Oil slips amid worry about rising infections
Brent loses ground as increasing number of infections fuel concern that measures to contain the pandemic will hit economic activity
Tokyo — Oil prices were lower on Monday as rising coronavirus infections in India and other countries prompted the concern that stronger measures to contain the pandemic will hit economic activity, along with demand for commodities such as crude.
Brent crude was down 23c, or 0.3%, at $66.54 a barrel by 4.26am GMT, after rising 6% last week. US oil was down 27c, or 0.2%, at $62.96 a barrel, having gained 6.4% last week.
“The progress of vaccination drives in the developed markets can be seen in road traffic levels, but resurging case numbers have reversed the recovery in the emerging countries,” such as India and Brazil, said ANZ Research in a report on Monday.
India reported a record rise in coronavirus infections of 273,810 on Monday, increasing overall cases to just more than 15-million, making the country the second-worst affected after the US, which has reported more than 31-million infections. India’s deaths from Covid-19 rose by a record 1,619 to nearly 180,000.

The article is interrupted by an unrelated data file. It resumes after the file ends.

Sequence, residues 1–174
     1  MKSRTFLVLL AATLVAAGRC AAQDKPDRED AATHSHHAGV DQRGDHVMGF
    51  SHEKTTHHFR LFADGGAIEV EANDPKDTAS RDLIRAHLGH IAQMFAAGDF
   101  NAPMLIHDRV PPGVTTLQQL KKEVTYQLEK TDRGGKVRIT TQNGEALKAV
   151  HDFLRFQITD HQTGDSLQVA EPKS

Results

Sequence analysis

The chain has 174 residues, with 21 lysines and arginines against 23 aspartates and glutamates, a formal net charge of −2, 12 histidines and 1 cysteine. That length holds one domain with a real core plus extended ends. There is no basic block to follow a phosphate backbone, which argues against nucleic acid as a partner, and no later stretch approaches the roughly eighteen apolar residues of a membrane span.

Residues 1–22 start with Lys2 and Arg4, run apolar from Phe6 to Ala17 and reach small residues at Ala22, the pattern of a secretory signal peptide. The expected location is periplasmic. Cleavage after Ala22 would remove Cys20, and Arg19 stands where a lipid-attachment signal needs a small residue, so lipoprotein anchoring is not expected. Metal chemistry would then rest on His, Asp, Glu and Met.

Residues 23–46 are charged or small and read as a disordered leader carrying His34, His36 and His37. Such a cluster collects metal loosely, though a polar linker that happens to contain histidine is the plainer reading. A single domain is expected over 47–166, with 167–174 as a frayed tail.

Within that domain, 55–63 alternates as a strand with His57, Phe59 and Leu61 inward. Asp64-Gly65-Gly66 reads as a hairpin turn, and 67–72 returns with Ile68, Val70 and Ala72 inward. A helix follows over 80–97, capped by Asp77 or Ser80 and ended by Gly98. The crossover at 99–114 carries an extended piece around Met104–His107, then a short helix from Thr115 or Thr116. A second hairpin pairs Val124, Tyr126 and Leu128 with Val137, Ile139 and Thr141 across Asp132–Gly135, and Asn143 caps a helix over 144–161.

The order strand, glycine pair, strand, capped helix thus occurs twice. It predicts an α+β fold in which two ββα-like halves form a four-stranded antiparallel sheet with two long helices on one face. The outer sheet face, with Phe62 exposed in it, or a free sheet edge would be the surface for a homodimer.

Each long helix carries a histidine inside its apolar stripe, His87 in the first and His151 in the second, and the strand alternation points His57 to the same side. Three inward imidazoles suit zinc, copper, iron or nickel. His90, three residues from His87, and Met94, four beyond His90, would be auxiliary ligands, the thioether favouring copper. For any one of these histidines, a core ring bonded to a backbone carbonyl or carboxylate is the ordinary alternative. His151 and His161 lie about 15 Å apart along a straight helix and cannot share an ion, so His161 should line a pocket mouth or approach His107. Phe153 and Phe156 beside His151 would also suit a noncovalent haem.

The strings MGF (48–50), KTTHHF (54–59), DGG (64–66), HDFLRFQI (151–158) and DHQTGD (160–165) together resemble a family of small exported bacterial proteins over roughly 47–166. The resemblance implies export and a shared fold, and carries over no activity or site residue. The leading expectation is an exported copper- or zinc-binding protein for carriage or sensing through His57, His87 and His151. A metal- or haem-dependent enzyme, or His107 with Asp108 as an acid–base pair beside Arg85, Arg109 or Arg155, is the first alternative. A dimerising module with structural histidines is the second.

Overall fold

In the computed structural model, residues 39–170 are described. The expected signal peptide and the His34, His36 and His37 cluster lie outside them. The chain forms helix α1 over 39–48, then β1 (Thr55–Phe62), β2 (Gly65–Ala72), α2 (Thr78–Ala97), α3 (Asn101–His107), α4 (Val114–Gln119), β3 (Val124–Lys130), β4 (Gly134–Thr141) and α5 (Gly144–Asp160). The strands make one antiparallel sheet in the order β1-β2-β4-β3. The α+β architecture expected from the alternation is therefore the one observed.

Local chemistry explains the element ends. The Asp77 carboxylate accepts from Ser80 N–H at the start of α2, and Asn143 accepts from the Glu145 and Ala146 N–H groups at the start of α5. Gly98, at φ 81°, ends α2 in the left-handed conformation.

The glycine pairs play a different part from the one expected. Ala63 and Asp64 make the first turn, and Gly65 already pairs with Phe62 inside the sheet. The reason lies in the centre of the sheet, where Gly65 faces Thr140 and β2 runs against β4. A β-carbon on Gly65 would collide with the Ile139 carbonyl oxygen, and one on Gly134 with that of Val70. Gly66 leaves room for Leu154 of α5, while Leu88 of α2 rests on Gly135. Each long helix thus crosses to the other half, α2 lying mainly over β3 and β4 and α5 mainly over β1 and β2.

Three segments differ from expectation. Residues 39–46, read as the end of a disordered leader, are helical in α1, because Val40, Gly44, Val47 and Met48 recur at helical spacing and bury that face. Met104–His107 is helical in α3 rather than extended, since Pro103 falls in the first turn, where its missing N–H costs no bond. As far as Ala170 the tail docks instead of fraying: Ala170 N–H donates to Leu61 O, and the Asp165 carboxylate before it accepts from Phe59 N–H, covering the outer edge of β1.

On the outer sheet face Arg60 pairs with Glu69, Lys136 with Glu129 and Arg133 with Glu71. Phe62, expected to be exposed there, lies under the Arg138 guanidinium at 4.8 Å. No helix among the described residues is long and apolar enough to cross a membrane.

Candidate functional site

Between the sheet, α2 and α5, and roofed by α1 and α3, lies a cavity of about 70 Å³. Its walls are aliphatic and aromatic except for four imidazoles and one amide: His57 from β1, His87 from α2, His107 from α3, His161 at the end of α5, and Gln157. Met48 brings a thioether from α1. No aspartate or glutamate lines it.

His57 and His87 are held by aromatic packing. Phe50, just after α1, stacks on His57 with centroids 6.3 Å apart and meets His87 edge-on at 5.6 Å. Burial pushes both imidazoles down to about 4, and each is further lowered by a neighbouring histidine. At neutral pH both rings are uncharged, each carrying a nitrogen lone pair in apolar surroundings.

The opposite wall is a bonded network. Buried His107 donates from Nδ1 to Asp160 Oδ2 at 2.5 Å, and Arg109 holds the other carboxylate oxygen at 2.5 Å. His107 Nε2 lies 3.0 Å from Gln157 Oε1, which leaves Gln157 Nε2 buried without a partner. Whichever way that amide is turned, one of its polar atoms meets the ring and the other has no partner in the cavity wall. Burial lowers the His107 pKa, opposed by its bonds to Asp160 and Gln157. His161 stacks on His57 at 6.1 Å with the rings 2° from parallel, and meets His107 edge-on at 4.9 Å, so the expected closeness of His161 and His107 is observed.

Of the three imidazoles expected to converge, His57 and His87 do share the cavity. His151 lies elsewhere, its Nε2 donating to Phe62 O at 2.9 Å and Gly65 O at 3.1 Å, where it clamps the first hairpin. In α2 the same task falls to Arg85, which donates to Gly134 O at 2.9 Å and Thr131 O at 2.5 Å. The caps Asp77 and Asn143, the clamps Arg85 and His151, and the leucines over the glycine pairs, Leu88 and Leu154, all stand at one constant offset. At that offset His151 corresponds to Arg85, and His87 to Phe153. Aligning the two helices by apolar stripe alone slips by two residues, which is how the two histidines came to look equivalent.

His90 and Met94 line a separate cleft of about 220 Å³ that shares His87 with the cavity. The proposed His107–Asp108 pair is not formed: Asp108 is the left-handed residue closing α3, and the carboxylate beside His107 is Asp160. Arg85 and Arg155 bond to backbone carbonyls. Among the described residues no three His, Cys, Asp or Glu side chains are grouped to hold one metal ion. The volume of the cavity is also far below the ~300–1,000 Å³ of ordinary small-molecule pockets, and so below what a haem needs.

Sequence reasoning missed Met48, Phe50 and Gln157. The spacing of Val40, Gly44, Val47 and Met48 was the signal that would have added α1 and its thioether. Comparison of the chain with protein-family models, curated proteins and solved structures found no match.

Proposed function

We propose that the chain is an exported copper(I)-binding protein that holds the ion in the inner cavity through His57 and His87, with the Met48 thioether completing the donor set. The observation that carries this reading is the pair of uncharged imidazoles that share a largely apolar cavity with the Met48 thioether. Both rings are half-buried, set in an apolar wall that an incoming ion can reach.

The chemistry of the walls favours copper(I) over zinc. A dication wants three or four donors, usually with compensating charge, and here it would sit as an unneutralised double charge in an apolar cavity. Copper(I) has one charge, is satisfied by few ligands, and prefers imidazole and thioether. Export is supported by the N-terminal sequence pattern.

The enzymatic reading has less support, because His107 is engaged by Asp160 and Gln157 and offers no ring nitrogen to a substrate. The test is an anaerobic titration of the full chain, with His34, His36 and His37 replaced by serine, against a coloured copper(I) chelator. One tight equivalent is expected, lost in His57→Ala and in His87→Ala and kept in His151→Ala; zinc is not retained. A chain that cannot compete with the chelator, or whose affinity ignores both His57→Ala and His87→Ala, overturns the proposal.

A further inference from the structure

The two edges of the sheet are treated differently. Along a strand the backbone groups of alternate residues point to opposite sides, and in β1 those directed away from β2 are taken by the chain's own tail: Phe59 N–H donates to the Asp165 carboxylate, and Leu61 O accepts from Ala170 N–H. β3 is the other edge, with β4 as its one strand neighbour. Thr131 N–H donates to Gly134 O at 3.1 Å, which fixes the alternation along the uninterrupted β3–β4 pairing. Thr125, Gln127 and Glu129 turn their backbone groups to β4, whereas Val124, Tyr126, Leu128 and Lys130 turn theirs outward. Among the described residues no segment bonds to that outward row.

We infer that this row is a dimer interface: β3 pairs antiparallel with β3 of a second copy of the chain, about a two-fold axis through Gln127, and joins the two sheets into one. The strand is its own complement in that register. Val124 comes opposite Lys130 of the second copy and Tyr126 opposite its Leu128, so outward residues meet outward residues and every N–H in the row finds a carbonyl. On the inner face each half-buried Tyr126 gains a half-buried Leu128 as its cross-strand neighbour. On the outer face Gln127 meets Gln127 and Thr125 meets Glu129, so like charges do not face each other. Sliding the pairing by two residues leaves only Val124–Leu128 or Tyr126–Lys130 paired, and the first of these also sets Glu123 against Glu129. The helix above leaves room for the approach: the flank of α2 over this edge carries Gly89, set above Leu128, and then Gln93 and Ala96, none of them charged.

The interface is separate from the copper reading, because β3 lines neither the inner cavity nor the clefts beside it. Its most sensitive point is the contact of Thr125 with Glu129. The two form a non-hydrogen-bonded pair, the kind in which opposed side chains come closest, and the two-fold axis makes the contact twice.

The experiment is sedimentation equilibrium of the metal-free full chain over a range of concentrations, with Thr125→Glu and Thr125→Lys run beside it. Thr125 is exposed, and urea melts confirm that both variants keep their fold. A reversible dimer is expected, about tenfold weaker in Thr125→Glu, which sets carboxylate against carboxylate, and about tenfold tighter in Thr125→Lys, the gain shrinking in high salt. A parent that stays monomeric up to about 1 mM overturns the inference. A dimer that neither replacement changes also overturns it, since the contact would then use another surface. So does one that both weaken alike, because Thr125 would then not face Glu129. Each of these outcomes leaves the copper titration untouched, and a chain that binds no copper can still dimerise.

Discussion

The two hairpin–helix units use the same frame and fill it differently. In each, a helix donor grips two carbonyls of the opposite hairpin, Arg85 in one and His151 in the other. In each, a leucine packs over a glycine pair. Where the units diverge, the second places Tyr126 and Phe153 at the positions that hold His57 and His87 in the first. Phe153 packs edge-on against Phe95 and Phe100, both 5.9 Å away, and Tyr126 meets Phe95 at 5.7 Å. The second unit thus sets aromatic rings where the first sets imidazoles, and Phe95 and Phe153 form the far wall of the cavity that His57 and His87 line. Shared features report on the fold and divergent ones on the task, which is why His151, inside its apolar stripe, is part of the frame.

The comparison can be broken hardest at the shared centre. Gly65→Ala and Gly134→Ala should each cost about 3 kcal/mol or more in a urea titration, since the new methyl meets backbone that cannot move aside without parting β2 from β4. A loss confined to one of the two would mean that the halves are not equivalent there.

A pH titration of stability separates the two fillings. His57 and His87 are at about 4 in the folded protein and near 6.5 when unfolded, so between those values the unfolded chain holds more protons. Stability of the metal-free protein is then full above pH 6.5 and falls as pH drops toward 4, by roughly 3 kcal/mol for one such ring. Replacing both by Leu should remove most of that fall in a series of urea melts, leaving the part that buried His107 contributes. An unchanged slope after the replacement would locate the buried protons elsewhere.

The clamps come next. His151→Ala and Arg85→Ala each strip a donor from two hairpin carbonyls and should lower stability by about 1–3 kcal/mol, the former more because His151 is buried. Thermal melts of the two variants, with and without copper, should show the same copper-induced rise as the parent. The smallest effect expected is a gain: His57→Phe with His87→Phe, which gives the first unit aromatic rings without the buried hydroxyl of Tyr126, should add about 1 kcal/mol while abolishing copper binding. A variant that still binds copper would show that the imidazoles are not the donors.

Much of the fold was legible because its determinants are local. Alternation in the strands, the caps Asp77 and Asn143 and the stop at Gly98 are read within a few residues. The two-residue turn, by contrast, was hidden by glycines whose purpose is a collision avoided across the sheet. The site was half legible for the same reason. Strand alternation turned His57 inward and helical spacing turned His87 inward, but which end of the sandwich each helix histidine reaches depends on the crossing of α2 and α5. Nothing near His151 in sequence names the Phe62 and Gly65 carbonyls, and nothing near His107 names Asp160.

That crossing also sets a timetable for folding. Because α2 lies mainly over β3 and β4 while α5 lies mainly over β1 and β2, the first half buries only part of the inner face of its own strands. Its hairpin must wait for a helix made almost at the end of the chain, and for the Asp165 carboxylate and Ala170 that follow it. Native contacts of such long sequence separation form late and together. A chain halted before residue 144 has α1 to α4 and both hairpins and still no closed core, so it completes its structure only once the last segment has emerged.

Hong Kong will suspend flights from India, Pakistan and the Philippines from April 20 due to imported coronavirus infections, authorities said in a statement late on Sunday.
Japanese companies believe the world’s third-largest economy will experience a fourth round of coronavirus infections, with many bracing for a further blow to business, a Reuters monthly poll showed.
Japan has had far fewer Covid-19 cases than many other major economies, but the concern about a new wave of infections is rising fast, according to their responses in the poll.
A slower rollout of vaccinations compared with other Group of Seven (G7) advanced countries and the lack of a sense of crisis among the public will trigger a new wave of infections, some companies wrote in the poll.
In the US energy companies added oil and natural gas rigs for a fifth consecutive week for the first time since February as higher oil prices in 2021 encouraged drillers to return to the well pad.
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